• Evaluation of the geodynamic history is essential to assessing the hypogene karst processes
  • The carbonate-hosted secondary ore deposits are associated with hypogene karstification
  • Kırkgöz cave system, Antalya Travertine Plateau, and Obruks are hypogene karst products
  • Groundwater’s noble gas and carbon isotope signals indicate ongoing hypogene activity
  • Earth-tidal pumping can be a potential flow driver for hypogene karstification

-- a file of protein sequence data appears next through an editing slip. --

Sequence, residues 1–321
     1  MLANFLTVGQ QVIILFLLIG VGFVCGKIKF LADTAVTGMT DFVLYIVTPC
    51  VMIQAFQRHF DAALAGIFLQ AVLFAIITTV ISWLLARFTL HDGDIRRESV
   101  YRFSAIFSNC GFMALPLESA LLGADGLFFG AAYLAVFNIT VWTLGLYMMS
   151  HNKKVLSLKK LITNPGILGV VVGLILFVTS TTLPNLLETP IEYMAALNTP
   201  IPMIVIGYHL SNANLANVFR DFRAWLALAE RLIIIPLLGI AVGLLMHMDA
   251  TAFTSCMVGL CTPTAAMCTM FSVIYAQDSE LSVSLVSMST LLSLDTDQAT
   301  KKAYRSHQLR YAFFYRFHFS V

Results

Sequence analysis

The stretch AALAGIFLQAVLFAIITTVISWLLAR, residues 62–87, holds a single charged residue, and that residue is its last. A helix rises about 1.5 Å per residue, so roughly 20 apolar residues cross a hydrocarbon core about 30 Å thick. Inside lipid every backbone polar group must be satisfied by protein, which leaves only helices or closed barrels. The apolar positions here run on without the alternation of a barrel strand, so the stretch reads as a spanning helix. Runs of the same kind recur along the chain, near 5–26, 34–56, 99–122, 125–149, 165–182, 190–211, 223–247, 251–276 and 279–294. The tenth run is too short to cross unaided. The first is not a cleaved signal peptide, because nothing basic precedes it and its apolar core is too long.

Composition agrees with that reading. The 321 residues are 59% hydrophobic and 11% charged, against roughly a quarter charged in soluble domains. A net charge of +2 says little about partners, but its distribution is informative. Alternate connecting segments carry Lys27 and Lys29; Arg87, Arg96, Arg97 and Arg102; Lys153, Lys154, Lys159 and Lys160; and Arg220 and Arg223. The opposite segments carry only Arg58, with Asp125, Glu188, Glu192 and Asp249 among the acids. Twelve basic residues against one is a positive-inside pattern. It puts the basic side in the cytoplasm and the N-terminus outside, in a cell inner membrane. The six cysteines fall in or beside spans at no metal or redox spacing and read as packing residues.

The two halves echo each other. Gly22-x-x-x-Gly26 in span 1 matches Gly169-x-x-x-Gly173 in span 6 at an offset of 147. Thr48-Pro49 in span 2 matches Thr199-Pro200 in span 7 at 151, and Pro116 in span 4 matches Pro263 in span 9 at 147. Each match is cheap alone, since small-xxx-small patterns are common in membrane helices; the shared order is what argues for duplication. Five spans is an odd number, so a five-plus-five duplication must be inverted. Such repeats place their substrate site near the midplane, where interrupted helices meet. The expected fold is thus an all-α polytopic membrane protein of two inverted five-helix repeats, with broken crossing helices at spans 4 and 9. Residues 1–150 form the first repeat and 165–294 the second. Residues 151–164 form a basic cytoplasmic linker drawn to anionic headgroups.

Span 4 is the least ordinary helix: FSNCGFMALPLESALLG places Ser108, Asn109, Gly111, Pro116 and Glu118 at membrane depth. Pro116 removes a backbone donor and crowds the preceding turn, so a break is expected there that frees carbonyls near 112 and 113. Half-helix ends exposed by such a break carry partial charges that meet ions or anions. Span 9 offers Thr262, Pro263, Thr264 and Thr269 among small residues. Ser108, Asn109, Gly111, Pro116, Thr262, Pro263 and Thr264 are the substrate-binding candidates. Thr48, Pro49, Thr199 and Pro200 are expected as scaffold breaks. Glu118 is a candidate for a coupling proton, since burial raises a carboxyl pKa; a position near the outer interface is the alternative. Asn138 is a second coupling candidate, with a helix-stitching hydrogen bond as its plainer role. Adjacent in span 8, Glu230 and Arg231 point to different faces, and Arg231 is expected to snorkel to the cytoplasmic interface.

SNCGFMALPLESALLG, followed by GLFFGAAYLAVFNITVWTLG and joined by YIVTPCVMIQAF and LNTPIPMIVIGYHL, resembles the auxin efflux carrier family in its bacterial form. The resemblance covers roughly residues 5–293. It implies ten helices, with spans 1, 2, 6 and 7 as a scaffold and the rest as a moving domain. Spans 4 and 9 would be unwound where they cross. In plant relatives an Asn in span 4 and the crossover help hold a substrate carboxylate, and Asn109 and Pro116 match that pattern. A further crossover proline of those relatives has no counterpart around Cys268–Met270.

Field observations and laboratory data collected from the Taurus Mountains Range, Turkey during the last two decades provided evidence for the link between the evolution of hypogene karst and the geodynamic history. Major evidence includes; carbonate-hosted secondary ore deposits that are converted from primarily hypogene minerals by epigene, oxygen-rich groundwater circulating at local to intermediate depths. Another piece of evidence of hypogene karst in the Tauride is the Kırkgöz springs’ huge submerged cave/conduit system, which formed the Antalya Travertine Plateau, which is the world’s largest deposit precipitated by cool karst groundwater. The obruks in central Tauride are giant collapse dolines formed by ascending hypogene fluids in the upper continental crust, rich in volcanogenic carbondioxide. The groundwater’s noble gas and carbon isotope data are helpful in determining the existing but asymptomatic hypogene activity in the upper crust. Hypogene karst development seems common in parts of the world with current or past geodynamic activity. However, a hydrogeological overview of the geodynamic history is essential to assess the hypogene processes and their reflections on the land surface.



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